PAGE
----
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Privatisations as price reforms: evaluating consumers' welfare changes in the UK

  • R. Brau

    ()

  • M. Florio

This paper analyses the effects on consumers’ welfare of the privatisation policy carried out in the UK since 1979. The approach we follow sees the privatisation of a State owned enterprise within the broader framework of the “policy reform” theory (Drèze and Stern, 1990). By adopting this perspective, the change in consumers’ welfare “with” and “without” privatisations can be studied by appropriate welfare measures. We claim that an advantage of our approach is that of being able to provide the required welfare assessment in a simplified way by means of a limited set of information. In particular, we show that a series of welfare measures only based on aggregate information can be used once one becomes ready to accept the use of first and second order approximations and a few “reasonable” assumptions on the shape of demand functions. These welfare measures are subsequently used for the evaluation of the welfare effects related to price variations in seven British privatised public utilities. We conclude that the contribution to consumers’ welfare of the privatisation policy in the UK, when compared to the huge transfers involved in the process, has been rather modest.

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Paper provided by Centre for North South Economic Research, University of Cagliari and Sassari, Sardinia in its series Working Paper CRENoS with number 200204.

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Date of creation: 2002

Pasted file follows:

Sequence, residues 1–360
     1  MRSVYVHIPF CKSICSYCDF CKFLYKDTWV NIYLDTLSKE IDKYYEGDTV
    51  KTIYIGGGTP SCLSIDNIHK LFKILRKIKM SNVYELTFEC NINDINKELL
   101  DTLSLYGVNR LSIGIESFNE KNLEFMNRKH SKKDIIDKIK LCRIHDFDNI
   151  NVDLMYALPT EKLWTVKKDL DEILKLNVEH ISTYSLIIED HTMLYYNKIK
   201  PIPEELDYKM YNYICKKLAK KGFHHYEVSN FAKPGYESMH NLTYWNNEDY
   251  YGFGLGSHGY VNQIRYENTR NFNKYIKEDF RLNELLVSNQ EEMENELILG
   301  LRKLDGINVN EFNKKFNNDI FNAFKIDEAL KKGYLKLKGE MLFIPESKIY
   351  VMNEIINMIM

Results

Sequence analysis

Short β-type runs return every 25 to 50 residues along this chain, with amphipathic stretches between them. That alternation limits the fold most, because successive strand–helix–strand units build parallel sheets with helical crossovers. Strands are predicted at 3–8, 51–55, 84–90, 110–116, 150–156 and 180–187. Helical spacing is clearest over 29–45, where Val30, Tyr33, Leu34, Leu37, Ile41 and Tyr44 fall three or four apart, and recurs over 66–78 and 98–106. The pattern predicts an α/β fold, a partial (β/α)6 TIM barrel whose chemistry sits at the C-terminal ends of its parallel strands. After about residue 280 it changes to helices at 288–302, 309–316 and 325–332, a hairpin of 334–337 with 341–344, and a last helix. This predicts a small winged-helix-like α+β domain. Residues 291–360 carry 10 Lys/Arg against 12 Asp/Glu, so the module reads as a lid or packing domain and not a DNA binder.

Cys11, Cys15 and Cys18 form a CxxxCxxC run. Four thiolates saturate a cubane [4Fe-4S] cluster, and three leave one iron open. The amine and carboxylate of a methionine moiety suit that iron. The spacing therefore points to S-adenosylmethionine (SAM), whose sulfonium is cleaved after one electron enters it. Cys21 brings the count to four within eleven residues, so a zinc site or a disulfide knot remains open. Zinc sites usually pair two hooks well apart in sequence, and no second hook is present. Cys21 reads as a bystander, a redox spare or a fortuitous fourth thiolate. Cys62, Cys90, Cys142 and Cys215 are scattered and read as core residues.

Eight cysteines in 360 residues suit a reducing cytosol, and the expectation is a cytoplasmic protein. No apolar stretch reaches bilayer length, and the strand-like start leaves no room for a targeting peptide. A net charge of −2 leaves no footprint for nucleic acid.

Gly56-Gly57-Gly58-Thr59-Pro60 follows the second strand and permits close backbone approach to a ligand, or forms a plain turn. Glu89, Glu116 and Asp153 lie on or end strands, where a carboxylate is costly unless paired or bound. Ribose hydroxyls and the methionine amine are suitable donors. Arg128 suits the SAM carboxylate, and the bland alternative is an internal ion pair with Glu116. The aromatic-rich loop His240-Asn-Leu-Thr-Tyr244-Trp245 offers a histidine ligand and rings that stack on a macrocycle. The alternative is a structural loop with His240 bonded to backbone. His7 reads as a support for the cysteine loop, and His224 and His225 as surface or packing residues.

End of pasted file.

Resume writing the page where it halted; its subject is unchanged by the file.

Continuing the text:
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Handle: RePEc:cns:cnscwp:200204
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  1. Ahmad, Ehtisham & Stern, Nicholas, 1984. "The theory of reform and indian indirect taxes," Journal of Public Economics, Elsevier, vol. 25(3), pages 259-298, December.
  2. David M. Newbery, 2002. "Privatization, Restructuring, and Regulation of Network Utilities," MIT Press Books, The MIT Press, edition 1, volume 1, number 0262640481, June.
  3. Banks, James & Blundell, Richard & Lewbel, Arthur, 1996. "Tax Reform and Welfare Measurement: Do We Need Demand System Estimation?," Economic Journal, Royal Economic Society, vol. 106(438), pages 1227-41, September.
  4. Roberts, Kevin, 1980. "Price-Independent Welfare Prescriptions," Empirical Economics, Springer, vol. 13(3), pages 277-97, June.
  5. Newbery, David M, 1995. "The Distributional Impact of Price Changes in Hungary and the United Kingdom," Economic Journal, Royal Economic Society, vol. 105(431), pages 847-63, July.
  6. Alan J. Auerbach, 1982. "The Theory of Excess Burden and Optimal Taxation," NBER Working Papers 1025, National Bureau of Economic Research, Inc.
  7. Deaton, Angus S & Muellbauer, John, 1980. "An Almost Ideal Demand System," American Economic Review, American Economic Association, vol. 70(3), pages 312-26, June.
  8. Dreze, Jean & Stern, Nicholas, 1990. "Policy reform, shadow prices, and market prices," Journal of Public Economics, Elsevier, vol. 42(1), pages 1-45, June.
  9. Ray, R, 1997. "Marginal and Non Marginal Commodity Tax Reforms with Rank Two and Rank Three Demographic Demand Systems," Papers 1997-02, Tasmania - Department of Economics.
  10. Deaton, Angus, 1974. "A Reconsideration of the Empirical Implications of Additive Preferences," Economic Journal, Royal Economic Society, vol. 84(334), pages 338-48, June.
  11. Guesnerie, Roger, 1977. "On the direction of tax reform," Journal of Public Economics, Elsevier, vol. 7(2), pages 179-202, April.
  12. Dixit, Avinash, 1975. "Welfare effects of tax and price changes," Journal of Public Economics, Elsevier, vol. 4(2), pages 103-123, February.
  13. Atkinson, Anthony B., 1970. "On the measurement of inequality," Journal of Economic Theory, Elsevier, vol. 2(3), pages 244-263, September.
  14. Massimo Florio, 2001. "The welfare impact of a privatisation: the British Telecom case-history," Departmental Working Papers 2001-08, Department of Economics, Management and Quantitative Methods at Università degli Studi di Milano.
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